Russia's Rival GPS System Nears Completion
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Russia successfully launched a rocket on Tuesday carrying the last three satellites to complete a navigation system to rival America's GPS.
The military-run GLONASS mapping system works over most of Russia and is expected to cover the globe by the end of 2009, once all its 24 navigational satellites are operating.
A space rocket blasted off from Russia's Baikonur cosmodrome on the steppes of neighboring ex-Soviet Kazakhstan, from which Russia rents the facility.
Work on GLONASS -- or Global Navigation Satellite System -- began in the Soviet Union in the mid-1970s to give its armed forces exact bearings around the world.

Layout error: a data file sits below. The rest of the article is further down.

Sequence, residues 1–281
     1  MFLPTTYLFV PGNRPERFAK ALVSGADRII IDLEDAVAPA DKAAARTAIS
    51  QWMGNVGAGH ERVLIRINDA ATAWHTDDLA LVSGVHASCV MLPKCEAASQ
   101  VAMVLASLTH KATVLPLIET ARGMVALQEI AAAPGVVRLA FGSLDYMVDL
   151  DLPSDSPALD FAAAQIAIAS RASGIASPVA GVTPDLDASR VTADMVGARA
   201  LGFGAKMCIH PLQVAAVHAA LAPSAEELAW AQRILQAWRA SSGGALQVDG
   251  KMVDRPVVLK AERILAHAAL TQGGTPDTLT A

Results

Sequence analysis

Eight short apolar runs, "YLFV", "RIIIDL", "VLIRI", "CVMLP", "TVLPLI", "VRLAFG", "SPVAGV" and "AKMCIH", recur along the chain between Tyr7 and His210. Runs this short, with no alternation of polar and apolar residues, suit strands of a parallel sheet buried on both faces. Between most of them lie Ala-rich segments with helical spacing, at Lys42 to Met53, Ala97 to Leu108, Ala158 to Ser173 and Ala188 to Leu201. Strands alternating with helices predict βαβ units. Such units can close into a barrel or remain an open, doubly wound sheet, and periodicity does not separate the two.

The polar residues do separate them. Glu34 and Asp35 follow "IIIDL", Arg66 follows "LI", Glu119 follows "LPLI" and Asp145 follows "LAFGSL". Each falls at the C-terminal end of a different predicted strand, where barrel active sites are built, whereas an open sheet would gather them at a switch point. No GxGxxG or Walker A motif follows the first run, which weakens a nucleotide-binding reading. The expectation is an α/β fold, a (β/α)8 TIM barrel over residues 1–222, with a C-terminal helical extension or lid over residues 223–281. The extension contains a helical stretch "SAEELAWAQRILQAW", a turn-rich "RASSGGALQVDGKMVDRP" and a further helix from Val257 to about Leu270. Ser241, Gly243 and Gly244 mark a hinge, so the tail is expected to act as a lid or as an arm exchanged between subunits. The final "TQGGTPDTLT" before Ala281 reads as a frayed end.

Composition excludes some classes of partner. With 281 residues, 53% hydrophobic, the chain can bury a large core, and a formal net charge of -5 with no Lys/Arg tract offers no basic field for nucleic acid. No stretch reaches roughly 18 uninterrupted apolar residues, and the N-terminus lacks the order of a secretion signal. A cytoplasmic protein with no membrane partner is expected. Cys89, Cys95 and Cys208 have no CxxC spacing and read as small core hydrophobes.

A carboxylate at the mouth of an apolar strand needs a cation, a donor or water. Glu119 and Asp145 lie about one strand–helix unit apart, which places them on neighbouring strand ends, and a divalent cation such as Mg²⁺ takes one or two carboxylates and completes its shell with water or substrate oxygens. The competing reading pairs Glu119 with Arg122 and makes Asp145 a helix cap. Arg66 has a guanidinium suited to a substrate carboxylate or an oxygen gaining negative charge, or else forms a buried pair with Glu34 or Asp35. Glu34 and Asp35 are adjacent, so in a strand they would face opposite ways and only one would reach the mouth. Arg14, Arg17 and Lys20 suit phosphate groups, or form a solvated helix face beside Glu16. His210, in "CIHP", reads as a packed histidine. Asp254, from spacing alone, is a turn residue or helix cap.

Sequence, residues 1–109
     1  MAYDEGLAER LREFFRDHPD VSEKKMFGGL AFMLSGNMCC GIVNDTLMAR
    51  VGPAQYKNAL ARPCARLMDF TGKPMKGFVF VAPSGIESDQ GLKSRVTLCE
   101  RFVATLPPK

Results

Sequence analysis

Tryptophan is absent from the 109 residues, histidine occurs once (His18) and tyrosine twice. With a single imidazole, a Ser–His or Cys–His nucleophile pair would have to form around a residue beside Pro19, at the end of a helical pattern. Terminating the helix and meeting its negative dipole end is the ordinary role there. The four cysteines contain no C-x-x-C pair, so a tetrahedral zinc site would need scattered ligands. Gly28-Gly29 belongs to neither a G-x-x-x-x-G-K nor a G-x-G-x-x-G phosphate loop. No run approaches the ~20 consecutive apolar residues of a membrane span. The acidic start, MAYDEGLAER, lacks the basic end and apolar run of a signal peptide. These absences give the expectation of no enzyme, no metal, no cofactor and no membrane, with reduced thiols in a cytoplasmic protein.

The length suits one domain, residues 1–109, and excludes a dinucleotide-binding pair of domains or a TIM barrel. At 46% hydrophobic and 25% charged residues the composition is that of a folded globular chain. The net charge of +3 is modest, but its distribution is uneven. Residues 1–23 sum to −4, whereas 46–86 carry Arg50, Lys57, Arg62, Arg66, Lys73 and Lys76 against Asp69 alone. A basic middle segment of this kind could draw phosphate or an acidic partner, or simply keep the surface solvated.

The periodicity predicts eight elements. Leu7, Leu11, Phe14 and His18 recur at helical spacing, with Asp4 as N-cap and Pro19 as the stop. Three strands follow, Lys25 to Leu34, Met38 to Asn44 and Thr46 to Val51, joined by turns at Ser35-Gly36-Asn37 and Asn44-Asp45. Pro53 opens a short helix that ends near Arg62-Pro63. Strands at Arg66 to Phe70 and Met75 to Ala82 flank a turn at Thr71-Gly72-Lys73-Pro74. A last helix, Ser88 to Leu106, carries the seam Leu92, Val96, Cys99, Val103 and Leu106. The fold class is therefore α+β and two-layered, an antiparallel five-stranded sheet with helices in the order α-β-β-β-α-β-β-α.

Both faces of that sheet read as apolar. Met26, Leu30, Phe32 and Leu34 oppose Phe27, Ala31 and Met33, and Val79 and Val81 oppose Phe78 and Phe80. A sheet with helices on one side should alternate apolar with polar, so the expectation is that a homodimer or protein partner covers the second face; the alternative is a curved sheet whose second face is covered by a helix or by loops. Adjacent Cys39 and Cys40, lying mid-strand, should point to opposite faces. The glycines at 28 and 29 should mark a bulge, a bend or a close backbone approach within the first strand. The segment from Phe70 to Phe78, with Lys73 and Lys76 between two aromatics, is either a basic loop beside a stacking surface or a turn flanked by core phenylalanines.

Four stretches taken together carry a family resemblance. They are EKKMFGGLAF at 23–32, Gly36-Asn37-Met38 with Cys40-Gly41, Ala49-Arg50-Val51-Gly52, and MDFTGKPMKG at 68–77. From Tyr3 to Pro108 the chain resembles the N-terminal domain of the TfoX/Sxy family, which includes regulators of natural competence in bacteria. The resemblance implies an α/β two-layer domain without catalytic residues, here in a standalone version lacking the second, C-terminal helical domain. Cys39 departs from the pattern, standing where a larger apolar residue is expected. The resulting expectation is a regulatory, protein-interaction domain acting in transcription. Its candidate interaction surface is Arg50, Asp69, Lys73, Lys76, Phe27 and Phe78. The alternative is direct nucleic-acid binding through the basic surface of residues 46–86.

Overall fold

The collapse of the Russian economy in the late 1990s drained funds and the plans withered, but President Vladimir Putin has ensured the project is now being lavishly funded from a brimming government budget.
Officials said GLONASS would mainly be used alongside the U.S. global positioning system, which Washington can switch off for civilian subscribers, as it did during recent military operations in Iraq.